PPT - Physics & Astronomy

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Transcript PPT - Physics & Astronomy

Discovery of the
Higgs Boson
Gavin Lawes
Department of Physics and Astronomy
Acknowledgements
Includes slides and images from:
Robert Harr, Paul Karchin, and Sean Gavin (Wayne State University)
LHC (CMS Collaboration)
Note: There is a lot more information about the LHC and the Higgs
Boson at home.web.cern.ch
What do we know
about matter?
What properties define
matter particles?
Mass.
Spin. (Zero spin particles are bosons, spin ½ particles are fermions)
Electric charge.
Color charge.
(Other)
Particles in the Standard model
Particle crib sheet
Photon g (massless, no charge)
Electron e (massive, charged)
Muon m (massive, charged)
Proton p (massive, charged)
Gluon g (massless, “color charge”)
Higgs H (massive, ?????)
What are gauge bosons?
Particles exert forces on one another. These forces are transmitted by
gauge bosons.
Electromagnetic force (carried by photons [1])
e-
g
e
Strong nuclear force (carried by gluons [8])
Weak nuclear force (carried by W and Z particles [3])
Where do gauge
bosons come from?
Gauge bosons reflect underlying symmetries of the universe.
The number of gauge bosons for each force is the number of
generators for each symmetry group (e.g. the symmetry group for the
strong nuclear force has 8 generators, hence 8 gluons).
These gauge bosons should be massless.
However, the W+, W-, and Z bosons (which mediate the weak nuclear
force) are massive.
Classical mass
Mass in Relativity
(special and general)
Binding Energy
Proton mass, mP=1.6726x10-27 kg
Neutron mass, mN=1.6749x10-27 kg
4He
mass=6.6446x10-27 kg
Less than 2mP+2mN
Proton mass
Quarks
The mass of a proton is
much larger than the
mass of the quarks that
make up the proton.
Dynamics
98%
Quantum fluctuations
The Heisenberg Uncertainty Principle states:
DEDt≥h/2p
with the Planck constant h=6.636x10-34 m2 kg/s
This means that particles are popping in and out of existence
continuously (so the vacuum is actually fluctuating).
The probability distribution of particles everywhere in space is called
a field.
Higgs Mechanism
In 1964, 6 authors in 3 different papers (Brout and Englert, Higgs,
and Guralnik, Hagen, and Kibble) proposed a mechanism for making
the weak force carriers massive.
Depended on having these gauge bosons couple to something called
the Higgs field, which has a fourfold symmetry.
When the vacuum fluctuations of the Higgs field become non-zero,
the symmetry is broken, which makes the W+, W-, and Z bosons
massive and leaves a single massive particle called the Higgs boson.
Other particles (electrons, quarks, etc) can also acquire mass by
coupling to the Higgs field.
How can we find the
Higgs boson?
Build a giant particle collider. Fortunately, there was already a giant
tunnel at CERN.
27 km ring filled with superconducting magnets cooled to just above
absolute zero.
Large Hadron Collider (LHC) costs about $10B over 20 years. Note:
Hadrons are particles containing quarks.
ATLAS and CMS projects involve over 3,000 physicists
Movie of a collision
H  gg
Same event, different angle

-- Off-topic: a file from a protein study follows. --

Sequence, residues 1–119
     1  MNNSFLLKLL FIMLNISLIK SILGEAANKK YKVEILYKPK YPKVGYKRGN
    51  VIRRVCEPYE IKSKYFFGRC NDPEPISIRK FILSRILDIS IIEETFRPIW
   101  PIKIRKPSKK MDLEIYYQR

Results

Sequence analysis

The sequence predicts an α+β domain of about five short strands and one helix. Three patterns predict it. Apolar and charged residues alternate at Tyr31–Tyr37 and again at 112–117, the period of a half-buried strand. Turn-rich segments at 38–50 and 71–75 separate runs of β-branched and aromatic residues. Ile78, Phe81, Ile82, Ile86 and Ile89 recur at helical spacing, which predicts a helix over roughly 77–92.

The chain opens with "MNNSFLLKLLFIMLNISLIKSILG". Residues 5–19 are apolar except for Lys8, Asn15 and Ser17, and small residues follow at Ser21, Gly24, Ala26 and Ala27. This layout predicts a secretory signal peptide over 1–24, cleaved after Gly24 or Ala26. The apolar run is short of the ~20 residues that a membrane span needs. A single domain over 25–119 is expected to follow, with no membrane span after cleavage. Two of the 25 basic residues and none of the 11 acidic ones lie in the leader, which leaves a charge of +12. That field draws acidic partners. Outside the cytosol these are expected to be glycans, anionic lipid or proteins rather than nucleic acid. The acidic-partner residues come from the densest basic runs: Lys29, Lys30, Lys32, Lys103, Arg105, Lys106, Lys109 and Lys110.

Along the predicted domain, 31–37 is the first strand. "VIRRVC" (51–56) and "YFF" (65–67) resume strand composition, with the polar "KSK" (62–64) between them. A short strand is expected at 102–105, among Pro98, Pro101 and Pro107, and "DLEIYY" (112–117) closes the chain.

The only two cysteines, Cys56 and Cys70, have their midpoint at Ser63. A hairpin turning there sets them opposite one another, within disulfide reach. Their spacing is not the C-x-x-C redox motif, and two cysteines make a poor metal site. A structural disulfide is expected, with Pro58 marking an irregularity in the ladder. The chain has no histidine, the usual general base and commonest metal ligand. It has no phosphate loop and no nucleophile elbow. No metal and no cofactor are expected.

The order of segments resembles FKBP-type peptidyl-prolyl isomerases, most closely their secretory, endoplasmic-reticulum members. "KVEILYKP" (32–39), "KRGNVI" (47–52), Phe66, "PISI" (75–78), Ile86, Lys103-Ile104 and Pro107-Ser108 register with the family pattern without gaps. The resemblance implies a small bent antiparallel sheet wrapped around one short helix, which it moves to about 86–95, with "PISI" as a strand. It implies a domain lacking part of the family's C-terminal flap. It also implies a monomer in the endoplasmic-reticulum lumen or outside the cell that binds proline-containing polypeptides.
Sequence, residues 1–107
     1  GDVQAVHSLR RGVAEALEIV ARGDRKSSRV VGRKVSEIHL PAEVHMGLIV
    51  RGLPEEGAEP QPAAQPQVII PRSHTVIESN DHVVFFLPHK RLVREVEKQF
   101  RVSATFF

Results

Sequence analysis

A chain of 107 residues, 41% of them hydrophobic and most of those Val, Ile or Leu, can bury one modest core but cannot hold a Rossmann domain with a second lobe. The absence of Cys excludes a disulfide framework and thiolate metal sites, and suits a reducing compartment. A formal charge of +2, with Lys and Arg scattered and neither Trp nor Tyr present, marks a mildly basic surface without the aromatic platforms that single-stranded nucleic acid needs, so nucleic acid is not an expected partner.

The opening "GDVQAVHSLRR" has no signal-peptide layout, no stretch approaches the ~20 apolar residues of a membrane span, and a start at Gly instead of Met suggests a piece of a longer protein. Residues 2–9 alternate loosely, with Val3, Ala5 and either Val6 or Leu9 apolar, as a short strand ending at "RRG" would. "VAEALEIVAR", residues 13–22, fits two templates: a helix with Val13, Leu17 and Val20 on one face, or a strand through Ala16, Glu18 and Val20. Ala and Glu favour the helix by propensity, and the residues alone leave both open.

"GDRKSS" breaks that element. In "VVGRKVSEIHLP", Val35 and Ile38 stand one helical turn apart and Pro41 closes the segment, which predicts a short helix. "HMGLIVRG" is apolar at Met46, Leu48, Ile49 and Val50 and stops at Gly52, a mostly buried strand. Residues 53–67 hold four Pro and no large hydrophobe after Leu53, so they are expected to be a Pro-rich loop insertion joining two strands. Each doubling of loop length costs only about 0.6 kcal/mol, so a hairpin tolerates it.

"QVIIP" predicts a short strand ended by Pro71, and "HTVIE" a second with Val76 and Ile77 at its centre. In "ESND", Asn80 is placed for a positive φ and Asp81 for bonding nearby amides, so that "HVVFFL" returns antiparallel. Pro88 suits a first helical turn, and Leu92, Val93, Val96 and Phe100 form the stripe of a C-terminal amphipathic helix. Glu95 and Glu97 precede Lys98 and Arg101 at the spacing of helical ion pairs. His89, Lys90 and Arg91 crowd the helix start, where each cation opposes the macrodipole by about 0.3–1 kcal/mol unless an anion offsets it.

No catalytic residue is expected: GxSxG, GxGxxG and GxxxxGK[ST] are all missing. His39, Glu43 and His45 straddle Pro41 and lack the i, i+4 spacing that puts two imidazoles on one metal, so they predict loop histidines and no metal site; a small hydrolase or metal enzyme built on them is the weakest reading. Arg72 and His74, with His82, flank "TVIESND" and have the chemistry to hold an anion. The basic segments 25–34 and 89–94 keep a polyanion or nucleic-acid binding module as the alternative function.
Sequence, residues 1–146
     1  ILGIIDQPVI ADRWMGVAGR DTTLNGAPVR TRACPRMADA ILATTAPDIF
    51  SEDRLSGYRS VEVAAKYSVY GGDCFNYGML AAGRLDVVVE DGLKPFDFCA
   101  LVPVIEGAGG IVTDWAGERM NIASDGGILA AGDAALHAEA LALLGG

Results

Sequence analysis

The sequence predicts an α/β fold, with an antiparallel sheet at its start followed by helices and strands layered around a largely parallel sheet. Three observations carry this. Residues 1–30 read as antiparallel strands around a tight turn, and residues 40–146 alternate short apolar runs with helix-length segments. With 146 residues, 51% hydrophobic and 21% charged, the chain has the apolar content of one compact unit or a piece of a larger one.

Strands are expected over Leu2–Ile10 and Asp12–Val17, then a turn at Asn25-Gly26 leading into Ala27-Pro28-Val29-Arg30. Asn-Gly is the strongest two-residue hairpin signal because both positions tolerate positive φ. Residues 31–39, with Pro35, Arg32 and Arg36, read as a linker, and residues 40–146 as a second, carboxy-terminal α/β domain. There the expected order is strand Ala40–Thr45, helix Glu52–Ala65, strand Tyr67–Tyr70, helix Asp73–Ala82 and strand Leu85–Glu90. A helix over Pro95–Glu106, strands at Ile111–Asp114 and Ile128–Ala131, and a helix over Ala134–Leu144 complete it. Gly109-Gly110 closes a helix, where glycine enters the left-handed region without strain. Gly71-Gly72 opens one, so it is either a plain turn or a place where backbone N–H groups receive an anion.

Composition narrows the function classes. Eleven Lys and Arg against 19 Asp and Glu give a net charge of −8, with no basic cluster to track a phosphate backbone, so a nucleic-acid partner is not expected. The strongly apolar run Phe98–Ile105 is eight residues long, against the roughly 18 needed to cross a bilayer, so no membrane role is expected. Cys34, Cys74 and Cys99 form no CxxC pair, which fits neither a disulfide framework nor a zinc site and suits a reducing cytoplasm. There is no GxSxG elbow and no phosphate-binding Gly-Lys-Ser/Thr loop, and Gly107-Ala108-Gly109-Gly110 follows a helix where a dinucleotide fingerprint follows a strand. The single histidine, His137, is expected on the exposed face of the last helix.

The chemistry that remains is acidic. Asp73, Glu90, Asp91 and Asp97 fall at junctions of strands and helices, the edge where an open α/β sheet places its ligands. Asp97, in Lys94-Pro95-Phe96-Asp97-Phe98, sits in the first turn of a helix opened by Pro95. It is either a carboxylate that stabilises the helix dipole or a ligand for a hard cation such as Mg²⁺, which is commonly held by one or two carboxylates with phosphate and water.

H  ZZ  mmmm
H  ZZ  eeee
H  gg
Events / 2 GeV
ATLAS
10000
Selected diphoton sample
Data 2011+2012
Sig+Bkg Fit (m =126.8 GeV)
H
Bkg (4th order polynomial)
8000
ATLAS Preliminary
H®g g
6000
4000
ò
s = 8 TeV, ò Ldt = 20.7 fb
-1
s = 7 TeV, Ldt = 4.8 fb
Events - Fitted bkg
2000
-1
500
400
300
200
100
0
-100
-200
100
CMS
110
120
130
140
150
160
mg g [GeV]
Higgs boson summary
Two different experiments (ATLAS and CMS) find a new particle
with a mass of 125.6 GeV/c2.
This is a spin 0 boson, with properties consistent with the Standard
Model Higgs boson.
The existence of this particle confirms the point of view that mass is
an acquired property (through coupling to the Higgs field) and not an
intrinsic property of particles.
What next?
Want to investigate the properties of the Higgs boson in more detail
(e.g. decay paths, coupling to other particles, etc).
Are there other Higgs-like particles? The Standard Model assumes a
Higgs field with fourfold symmetry, but there are other models that
include more Higgs terms.
Also, other interesting physics problems to study at the LHC.
Quark-gluon plasma
Higgs search concentrated on p-p collisions (total of 6 quarks).
When colliding nuclei (each with hundreds of quarks) together, one
can produce a “quark-gluon” plasma, consisting of quarks and gluons
mixed together but not bound into hadrons.
Understanding this special state of matter can provide insight into the
evolution of the universe, which is believed to have passed through a
similar high density/high temperature state nanoseconds after the Big
Bang.
The phase diagram of QCD
Temperature
Early universe
Tc
critical point ?
quark-gluon plasma
color
superconductor
hadron gas
nucleon gas
nuclei
CFL
vacuum
baryon density
r0
Neutron stars
Note: 1 TeV=1,000 GeV
Nuclear Collisions
Note: Spherical nuclei look like pancakes because of
relativistic length contraction.
Hydrodynamics of quark-gluon
plasma
Quark-gluon plasma acts like a
perfect liquid
Viscosity of quark-gluon plasma
Other new physics
The LHC provides a tool for measuring the properties of fundamental
particles at high energies and high densities.
Because of (possible) phase transitions (e.g. weak symmetry
breaking, quark-gluon plasma, etc) the properties of particles under
these extreme conditions (high density and high energy) may be very
different than their properties under ambient conditions (low density
and low energy).
This can potentially change our understanding of the fundamental
symmetries that govern physical law.
The end